City Hall did not declare a staggering Sh18.46 billion in own-source revenue in three financial years between 2016 and 2019, a Senate watchdog committee heard on Monday, opening the lid on how billions of shillings collected in Kenya’s capital may have ended in private hands.
County government auditors, appearing before the Senate County Public Accounts Committee, revealed the existence of huge variances between revenue records provided in financial statements and those extracted from the cash office.
According to the Auditor-General, the Nairobi County government should have reported Sh19.74 billion as annual revenue in the financial year ending June 2018. The amount is based on daily revenue summary records from the cash office.
However, the county only declared Sh10.1 billion in its official financial statements for the fiscal year, hiding Sh9.64 billion.
The following year City Hall again under-declared their revenues by Sh3.87 billion when only Sh10.1 billion was declared against Sh13.97 billion gleaned from records by the auditor.
In the financial year ending June 2017, the county government also under-declared its revenue by Sh4.95 billion.
During the fiscal year, City Hall declared Sh10.9 billion as its own-source revenue against what records showed was Sh15.85 billion.
The shocking revelations touch on the last financial year of former Governor Evans Kidero and the beginning of his successor Mike Sonko’s tenure.
“We probed the system and the figures extracted from records from the cash office they had given vis a vis what was declared in the financial statements presented huge variances,” the auditor told the committee.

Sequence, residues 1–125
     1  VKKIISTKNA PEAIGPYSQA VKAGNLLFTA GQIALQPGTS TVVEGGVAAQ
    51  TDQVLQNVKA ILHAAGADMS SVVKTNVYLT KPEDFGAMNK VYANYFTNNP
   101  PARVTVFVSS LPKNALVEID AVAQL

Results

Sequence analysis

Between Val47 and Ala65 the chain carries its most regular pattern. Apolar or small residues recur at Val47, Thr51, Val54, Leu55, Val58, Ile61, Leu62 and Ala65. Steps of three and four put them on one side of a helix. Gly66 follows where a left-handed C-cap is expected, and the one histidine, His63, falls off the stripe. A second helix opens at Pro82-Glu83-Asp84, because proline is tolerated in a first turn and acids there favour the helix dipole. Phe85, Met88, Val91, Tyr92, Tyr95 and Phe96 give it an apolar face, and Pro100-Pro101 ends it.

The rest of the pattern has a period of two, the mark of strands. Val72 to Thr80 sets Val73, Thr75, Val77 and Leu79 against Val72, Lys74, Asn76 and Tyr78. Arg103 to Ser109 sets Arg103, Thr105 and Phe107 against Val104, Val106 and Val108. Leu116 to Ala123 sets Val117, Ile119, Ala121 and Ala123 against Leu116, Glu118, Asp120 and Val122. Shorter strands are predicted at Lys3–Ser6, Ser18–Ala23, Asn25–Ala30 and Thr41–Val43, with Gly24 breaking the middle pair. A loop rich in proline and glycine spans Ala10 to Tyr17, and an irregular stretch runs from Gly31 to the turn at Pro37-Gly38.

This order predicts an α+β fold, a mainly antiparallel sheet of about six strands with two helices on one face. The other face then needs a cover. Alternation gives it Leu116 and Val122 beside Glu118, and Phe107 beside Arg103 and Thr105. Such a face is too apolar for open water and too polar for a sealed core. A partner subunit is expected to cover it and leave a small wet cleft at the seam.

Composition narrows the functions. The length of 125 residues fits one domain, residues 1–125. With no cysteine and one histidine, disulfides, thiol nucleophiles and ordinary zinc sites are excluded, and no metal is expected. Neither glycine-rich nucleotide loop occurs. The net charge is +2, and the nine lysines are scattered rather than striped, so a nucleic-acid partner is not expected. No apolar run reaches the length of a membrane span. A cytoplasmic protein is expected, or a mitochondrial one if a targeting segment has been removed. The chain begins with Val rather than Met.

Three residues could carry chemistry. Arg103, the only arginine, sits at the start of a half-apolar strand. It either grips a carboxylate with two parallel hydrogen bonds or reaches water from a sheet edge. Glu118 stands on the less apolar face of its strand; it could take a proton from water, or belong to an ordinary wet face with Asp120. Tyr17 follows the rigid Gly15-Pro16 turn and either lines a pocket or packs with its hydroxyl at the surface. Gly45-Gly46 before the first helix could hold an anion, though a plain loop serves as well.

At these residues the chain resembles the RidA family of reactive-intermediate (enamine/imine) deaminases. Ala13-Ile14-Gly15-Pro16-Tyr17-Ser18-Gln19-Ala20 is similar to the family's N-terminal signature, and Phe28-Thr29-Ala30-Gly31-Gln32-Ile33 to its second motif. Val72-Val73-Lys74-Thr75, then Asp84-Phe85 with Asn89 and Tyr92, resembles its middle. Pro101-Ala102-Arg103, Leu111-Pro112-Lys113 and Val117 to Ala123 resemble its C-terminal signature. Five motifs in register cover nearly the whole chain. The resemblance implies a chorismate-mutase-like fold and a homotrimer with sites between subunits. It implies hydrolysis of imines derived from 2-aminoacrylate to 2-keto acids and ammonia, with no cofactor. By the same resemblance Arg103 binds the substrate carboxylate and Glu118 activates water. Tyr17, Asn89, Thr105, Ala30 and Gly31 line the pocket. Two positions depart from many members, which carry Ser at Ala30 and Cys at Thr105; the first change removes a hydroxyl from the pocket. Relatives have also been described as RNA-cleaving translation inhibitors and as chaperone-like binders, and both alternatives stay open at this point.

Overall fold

Consequently, the committee called for a forensic audit of the county government’s revenue to explain the anomalies.
This comes at a time when the county has been struggling to meet its revenue targets and pay pending bills.
The committee is currently considering audit reports for the county government for three fiscal years from the financial year ended June 2017 and 2019.
The committee chairperson, Moses Kajwang, raised concerns that despite several initiatives at automating revenue streams and engaging different revenue collectors like JamboPay, National Bank, and the Kenya Revenue Authority, the annual collection has stagnated at an average of Sh10 billion.
Mr Kajwang, the Homa Bay Senator, ordered that the special forensic audit be conducted within three months and a report submitted before the committee.
“We want to assure the country and Nairobi residents that you are not collecting revenue and pocketing because reports have seen variances in what is collected and what is reported,” said Mr Kajwang’.
“We want to illustrate that people have been pocketing the money or faithfully reporting the same.”
Nairobi Senator Edwin Sifuna challenged the current governor, Johnson Sakaja, to seal the loopholes for revenue leakages.
Mr Sakaja said his administration has now fully automated its 170 revenue streams to stop human interaction with cash to reduce revenue leakages.
He also pointed out that they have put in place a single payment system known as NairobiPay.
“We have also established Nairobi Revenue Authority to manage the county’s revenue,” said the governor.
Several reports, including from the Commission on Revenue Allocation, have indicated that Nairobi can collect Sh25 billion annually and has a potential of Sh67.7 billion if all revenue streams are automated and a new valuation roll is implemented.